Greece serves loaded Greek "nachos", chicken gyro, spanakopita, and Oikos Greek Yogurt vanilla cake with a smile. Photo by Donald Fink.

Kalua pork sliders from Hawaii. Photo by Bonnie Fink.

As you walk through Canada, you might notice a small statue of Remy—from the movie "Ratatouille"—sitting on the roof of the kiosk. And you might wonder, what's a rat from France doing in Canada? It's part of a scavenger hunt called Remy's Ratatouille Hide and Squeak, an activity designed especially for the kids. Photo by Donald Fink.

Remy's Ratatouille Hide and Squeak scavenger hunt looks to be quite a bit of fun. It's intended to be mostly for the kids, but it could be entertaining for any group of people as they make their way around World Showcase. For the locals and other folks who will visit the Festival more than once, it can be played over the course of several days too. To get started, visit one of the merchandise locations including the Festival Center, Pin Center, Disney Traders, or World Traders. Purchase a map and stickers and have fun.

The pipes are just for display, but they look as though they were left there on the barrel by a Scotsman as he made his way to work at the Scotland Marketplace, near England. Photo by Bonnie Fink.

Freshly-made Belgian waffles at the Belgium kiosk, between France and Morocco come with warm chocolate ganache or berry compote, topped with whipped cream. Photo by Donald Fink.

It's very festive in Ireland. Festive indeed. But it's easy to understand, with the Kilkenny Irish Cream Ale, and the Bunratty Meade Honey Wine. Don't forget the warm chocolate pudding with Irish Cream Liqueur custard. Photo by Donald Fink.

In France, you can enjoy an interesting slush, called La Passion Martini Slush. consisting of Grey Goose le Citron Vodka, cranberry, and passion fruit juice. Photo by Bonnie Fink.

We believe this to be a sampling of the Radeberger Zwickel Pilsner (unfiltered), from the Brewer's Collection near Germany. But by the time you make it all the way back to Germany, does it really matter? Photo by Bonnie Fink.

Another Remy statuette for Remy's Ratatouille Hide and Squeak. Photo by Donald Fink.

In China, you can try a ritzy lychee with Courvoisier Cognac VS and Smirnoff Vodka. Photo by Bonnie Fink.

Those were some of the things we saw at this year's International Food and Wine Festival. We've been attending this festival every year for the past several years, and while many things are familiar, there are always a few new items we either haven't noticed before, or are new. No doubt we'll keep visiting the Festival for many years to come.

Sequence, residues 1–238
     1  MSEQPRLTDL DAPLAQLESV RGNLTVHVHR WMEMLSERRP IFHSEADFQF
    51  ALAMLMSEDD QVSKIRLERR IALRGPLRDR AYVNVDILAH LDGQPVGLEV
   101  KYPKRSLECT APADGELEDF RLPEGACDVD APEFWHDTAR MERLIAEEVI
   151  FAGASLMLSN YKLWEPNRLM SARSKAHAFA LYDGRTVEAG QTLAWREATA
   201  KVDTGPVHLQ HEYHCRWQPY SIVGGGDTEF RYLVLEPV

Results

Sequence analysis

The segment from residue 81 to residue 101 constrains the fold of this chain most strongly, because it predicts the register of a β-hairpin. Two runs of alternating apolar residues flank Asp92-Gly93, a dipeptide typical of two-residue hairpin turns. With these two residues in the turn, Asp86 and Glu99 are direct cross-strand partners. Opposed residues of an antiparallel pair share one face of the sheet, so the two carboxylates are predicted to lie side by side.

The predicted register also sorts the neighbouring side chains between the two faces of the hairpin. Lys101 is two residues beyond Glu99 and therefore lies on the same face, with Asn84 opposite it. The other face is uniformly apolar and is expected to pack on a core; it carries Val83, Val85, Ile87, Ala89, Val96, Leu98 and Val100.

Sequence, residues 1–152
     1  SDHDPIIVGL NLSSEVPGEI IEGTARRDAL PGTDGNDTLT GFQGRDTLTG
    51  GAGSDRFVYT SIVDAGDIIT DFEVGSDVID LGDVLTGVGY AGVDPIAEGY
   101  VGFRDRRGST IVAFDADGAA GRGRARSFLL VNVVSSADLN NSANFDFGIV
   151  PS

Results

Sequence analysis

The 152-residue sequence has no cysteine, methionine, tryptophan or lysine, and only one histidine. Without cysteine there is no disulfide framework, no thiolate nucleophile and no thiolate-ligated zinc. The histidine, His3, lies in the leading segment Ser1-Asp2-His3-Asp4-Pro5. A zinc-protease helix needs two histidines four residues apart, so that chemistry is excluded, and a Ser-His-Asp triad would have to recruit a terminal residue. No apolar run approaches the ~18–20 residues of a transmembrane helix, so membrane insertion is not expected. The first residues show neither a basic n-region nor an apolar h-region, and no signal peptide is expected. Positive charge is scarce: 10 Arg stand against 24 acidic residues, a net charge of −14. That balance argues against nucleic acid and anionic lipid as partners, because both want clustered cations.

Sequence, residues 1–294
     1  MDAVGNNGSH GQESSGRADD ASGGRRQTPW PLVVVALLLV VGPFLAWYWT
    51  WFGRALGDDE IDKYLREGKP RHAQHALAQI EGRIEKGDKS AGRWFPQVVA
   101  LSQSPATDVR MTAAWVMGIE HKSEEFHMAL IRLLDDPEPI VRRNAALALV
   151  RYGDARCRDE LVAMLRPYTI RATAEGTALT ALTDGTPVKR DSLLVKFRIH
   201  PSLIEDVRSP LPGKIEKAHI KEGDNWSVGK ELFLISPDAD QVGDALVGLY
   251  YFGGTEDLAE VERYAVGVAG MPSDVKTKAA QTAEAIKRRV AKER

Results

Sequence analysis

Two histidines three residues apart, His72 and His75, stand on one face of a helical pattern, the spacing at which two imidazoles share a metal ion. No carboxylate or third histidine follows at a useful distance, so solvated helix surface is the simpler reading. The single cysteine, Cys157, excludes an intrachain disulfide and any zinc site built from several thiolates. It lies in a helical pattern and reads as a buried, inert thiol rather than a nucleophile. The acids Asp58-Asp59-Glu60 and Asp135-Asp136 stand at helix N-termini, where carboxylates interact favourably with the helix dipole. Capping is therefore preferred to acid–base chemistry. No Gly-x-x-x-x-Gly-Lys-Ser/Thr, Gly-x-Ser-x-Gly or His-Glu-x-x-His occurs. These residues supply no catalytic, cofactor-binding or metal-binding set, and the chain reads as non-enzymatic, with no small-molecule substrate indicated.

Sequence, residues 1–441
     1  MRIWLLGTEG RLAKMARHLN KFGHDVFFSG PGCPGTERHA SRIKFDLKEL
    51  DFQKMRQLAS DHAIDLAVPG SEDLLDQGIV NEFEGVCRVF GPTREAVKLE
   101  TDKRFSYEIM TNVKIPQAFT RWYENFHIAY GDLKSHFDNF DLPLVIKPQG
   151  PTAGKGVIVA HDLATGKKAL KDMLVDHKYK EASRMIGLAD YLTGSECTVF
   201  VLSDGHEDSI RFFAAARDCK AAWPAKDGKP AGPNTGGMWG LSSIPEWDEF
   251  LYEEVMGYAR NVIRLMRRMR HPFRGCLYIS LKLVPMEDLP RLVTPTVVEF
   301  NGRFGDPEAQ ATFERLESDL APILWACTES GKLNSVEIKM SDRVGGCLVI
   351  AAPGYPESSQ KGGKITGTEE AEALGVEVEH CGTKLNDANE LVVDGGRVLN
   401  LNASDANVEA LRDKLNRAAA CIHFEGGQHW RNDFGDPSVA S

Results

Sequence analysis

Other Things To Do

One of the great attractions to the festival, at least for us, is the Eat to the Beat Concert series. Each year during the Food and Wine Festival, Disney hosts a concert series at the America Gardens Theatre, located at the American Adventure pavilion. These short 35-minute performances are free and usually run nightly at 5:30 p.m., 6:45 p.m., and 8:00 p.m. This year there are over twenty bands and solo artists participating in this concert series. While most artists are return performers, there are several new bands too. Some of the returning bands and artists include Starship, Air Supply, Boyz II Men, and David Cook. New artists include Soul Asylum, Bodeans, and Plain White T'S.

There is also an Eat to the Beat Dining Package, which works like the dining package at Christmas. Each purchased package includes a fine dining meal at one of the restaurants at Epcot, followed by preferred seating at one of the Eat to the Beat Concerts. What's different from the dining package at Christmas is that you can reserve a breakfast, lunch, or dinner at any of several restaurants. During the Christmas show, the eating arrangements usually include lunch or dinner.

If you like package deals, there is a Tasting Sampler available at the Festival too. There are two packages, one including eight food or beverages and one including sixteen food or beverage items.

To see more images from this year's International Food and Wine Festival, you can check out Alan Dalinka's photo tour during a recent media event in the Walt Disney World Resort Update for September 20-26.

This year we genuinely enjoyed the Food and Wine Festival. So much so that, even though we've completed the photography for this Photo Tour, we're still making plans to go back and enjoy some of the things we missed the first couple of times. The next time we'll just enjoy the Festival though, and leave the cameras at home.